Student Loan Forgiven After 20 Years

Student Loan Forgiven After 20 Years

If you took out federal student loans after October 2007 and work in a public service profession, your loan may be eligible for forgiveness after 20 years. If you lose your job or change employers before the end of the 20-year period, you can still apply for loan forgiveness when the period ends. All payments you made while working in a public service job will still count toward loan forgiveness.

Students who took out federal student loans after October 2007 and who work in public service professions may qualify for loan forgiveness after 20 years.

Who qualifies?

According to the Department of Education, students who took out federal student loans after October 2007 and who work in public service professions may qualify for loan forgiveness after 20 years. For example, if you’re a teacher or law enforcement officer who pays back your loans on time, your debt will be forgiven after 120 qualifying payments. If you earn less than a certain amount annually (roughly $50,000), all of your remaining balance can be forgiven at that point as well.

It’s important to note that there are some exceptions—most notably for borrowers with private student loans—and that the process is somewhat complicated.

Loan forgiveness is not automatic. You have to apply for it, but you only need to do so once, at the end of the 20-year period.

  • Loan forgiveness is not automatic. You have to apply for it, but you only need to do so once, at the end of the 20-year period.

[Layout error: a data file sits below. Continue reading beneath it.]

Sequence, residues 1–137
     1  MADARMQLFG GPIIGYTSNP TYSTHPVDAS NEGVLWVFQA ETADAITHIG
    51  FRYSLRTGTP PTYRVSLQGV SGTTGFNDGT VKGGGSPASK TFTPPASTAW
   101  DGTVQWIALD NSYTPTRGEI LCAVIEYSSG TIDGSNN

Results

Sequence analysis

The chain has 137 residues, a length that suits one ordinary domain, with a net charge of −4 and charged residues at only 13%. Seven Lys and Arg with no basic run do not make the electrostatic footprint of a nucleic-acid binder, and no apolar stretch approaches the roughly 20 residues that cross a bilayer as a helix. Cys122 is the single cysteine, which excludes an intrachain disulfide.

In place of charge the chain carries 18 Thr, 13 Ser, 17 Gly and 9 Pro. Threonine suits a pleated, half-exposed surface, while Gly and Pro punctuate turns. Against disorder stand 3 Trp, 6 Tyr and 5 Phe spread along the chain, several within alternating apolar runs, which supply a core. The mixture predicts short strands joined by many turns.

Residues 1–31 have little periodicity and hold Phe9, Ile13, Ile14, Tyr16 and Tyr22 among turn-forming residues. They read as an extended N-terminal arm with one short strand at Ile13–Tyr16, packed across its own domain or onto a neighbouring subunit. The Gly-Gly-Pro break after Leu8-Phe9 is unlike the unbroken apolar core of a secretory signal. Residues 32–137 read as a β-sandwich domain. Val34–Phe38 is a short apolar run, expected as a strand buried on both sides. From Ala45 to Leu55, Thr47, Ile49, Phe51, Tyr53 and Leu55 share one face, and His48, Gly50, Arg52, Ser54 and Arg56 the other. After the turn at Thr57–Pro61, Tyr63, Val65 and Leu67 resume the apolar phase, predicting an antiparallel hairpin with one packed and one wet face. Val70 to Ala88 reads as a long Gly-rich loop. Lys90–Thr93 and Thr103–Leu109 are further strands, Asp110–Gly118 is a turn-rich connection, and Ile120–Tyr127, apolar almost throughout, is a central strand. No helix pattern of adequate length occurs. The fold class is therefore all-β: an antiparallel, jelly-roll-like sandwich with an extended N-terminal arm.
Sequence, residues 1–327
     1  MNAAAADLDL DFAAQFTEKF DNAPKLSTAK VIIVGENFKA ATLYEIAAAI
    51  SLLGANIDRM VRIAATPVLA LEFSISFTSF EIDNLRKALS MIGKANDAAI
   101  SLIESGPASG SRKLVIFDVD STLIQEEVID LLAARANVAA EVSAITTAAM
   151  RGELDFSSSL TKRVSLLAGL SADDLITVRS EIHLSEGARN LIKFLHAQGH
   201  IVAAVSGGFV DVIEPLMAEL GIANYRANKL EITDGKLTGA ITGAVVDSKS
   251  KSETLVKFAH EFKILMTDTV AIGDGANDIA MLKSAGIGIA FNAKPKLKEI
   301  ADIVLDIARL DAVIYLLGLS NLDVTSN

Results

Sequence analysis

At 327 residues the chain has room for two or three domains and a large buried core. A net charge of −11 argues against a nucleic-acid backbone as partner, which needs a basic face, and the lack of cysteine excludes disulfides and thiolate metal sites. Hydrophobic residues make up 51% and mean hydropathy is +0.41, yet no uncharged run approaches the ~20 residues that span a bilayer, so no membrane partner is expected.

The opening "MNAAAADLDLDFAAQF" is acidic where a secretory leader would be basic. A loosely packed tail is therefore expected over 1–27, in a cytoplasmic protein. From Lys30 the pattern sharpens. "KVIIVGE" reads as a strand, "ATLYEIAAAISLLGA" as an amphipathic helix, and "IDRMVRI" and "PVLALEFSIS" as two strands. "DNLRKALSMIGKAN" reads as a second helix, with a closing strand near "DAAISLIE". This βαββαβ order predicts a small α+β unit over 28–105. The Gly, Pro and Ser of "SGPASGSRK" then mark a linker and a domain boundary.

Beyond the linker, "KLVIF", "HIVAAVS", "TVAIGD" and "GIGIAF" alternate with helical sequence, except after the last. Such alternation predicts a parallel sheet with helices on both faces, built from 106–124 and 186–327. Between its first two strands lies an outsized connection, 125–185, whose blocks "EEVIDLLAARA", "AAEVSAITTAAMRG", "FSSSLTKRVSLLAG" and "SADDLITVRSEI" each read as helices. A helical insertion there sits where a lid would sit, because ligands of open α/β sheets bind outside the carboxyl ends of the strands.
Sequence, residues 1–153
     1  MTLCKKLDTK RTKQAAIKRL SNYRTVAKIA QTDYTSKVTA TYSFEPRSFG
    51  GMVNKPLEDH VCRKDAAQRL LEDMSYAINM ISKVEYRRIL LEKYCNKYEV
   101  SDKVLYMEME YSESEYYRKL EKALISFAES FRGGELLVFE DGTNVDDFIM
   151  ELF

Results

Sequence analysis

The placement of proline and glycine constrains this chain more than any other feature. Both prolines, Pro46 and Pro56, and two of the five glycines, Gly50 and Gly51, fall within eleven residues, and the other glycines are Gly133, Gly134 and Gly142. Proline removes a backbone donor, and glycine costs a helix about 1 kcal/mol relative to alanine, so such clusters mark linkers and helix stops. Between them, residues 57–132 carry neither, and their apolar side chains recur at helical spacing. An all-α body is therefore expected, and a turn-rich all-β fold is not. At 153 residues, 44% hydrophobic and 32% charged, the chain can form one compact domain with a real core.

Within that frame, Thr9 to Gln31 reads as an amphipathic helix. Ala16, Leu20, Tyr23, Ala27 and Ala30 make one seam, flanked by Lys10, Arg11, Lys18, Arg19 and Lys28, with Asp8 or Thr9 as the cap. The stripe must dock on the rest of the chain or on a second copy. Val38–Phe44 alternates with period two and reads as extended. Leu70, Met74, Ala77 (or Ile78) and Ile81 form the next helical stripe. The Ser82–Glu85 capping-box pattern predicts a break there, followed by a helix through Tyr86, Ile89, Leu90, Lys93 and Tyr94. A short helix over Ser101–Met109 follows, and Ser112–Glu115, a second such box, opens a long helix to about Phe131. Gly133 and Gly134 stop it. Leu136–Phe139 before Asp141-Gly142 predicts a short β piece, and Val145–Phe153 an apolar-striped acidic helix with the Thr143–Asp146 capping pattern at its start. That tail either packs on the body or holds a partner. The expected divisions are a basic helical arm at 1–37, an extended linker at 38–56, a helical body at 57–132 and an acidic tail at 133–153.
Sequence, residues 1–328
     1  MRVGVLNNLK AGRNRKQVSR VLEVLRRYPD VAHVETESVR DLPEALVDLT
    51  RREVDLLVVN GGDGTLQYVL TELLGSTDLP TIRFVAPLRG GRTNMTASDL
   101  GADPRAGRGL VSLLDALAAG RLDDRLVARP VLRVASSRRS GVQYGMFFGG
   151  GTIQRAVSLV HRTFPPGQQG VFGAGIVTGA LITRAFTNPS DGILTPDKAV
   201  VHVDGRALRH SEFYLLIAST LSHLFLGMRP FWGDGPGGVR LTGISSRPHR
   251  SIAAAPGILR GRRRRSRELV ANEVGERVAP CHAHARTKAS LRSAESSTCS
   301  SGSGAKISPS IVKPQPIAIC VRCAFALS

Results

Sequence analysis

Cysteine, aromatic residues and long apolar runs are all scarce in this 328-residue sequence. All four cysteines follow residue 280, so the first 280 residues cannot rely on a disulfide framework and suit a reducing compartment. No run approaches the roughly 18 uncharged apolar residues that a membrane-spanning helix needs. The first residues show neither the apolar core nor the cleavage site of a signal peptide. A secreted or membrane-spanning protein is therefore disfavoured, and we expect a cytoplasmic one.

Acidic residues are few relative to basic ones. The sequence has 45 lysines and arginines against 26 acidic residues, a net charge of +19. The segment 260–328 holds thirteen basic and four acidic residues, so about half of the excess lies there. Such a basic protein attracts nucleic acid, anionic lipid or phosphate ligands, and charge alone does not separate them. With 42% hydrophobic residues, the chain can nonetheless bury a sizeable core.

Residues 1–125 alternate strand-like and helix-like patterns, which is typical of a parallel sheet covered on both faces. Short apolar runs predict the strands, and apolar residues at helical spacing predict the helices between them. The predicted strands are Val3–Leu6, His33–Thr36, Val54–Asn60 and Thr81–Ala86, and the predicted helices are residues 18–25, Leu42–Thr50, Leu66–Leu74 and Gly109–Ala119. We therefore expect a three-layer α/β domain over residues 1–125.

• You can apply even if you lose your job or change employers during that time.

Only federal Direct Loans are eligible for this program; other types of federal loans, loans issued under a different program or private student loans are not eligible.

Only federal Direct Loans are eligible for this program; other types of federal loans, loans issued under a different program or private student loans are not eligible. Federal Perkins loans and FFEL Program Loans are not eligible even if they have been consolidated into a Direct Consolidation Loan.

If you lose your job or change employers before the end of the 20-year period, you can still apply for loan forgiveness when the period ends. All payments you made while working in a public service job will still count toward loan forgiveness.

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You may be able to get your student loans forgiven if you work in public service for 20 years.

If you are employed in public service and have made 120 qualifying monthly payments, you may be eligible for student loan forgiveness after 20 years.

  • You must have a federal direct loan.
  • The loans must have been disbursed on or after October 1, 2007, but before July 1, 2014.
  • You must work full-time in an eligible public service job for at least 30 hours per week (or equivalent part-time) for each 12-month period during which you make any payments on the loan(s).
  • You must have paid the total amount due as of your last monthly payment on or after October 1, 1998 until at least April 30th of the year following your last 120th payment. This means that if you’ve had more than one job over the course of those 20 years (and those jobs did not pay enough to push you over the 120 required payments), then look back to see what percentage of loans were being repaid by each employer along with how many months they worked there before deciding whether or not it would affect their eligibility under this law. If they completed at least one year’s worth of work and made over 120 qualifying monthly payments during that time frame without ever defaulting on their loans after graduating from college/university then they’d still qualify even though some employers did not contribute enough money towards paying off these debts within two decades.”

While it’s still early to tell how many people will take advantage of this program, it is a promising sign that more people may be able to pay off their student loans. We’re excited to see how far this goes and what other solutions are coming down the pipeline.

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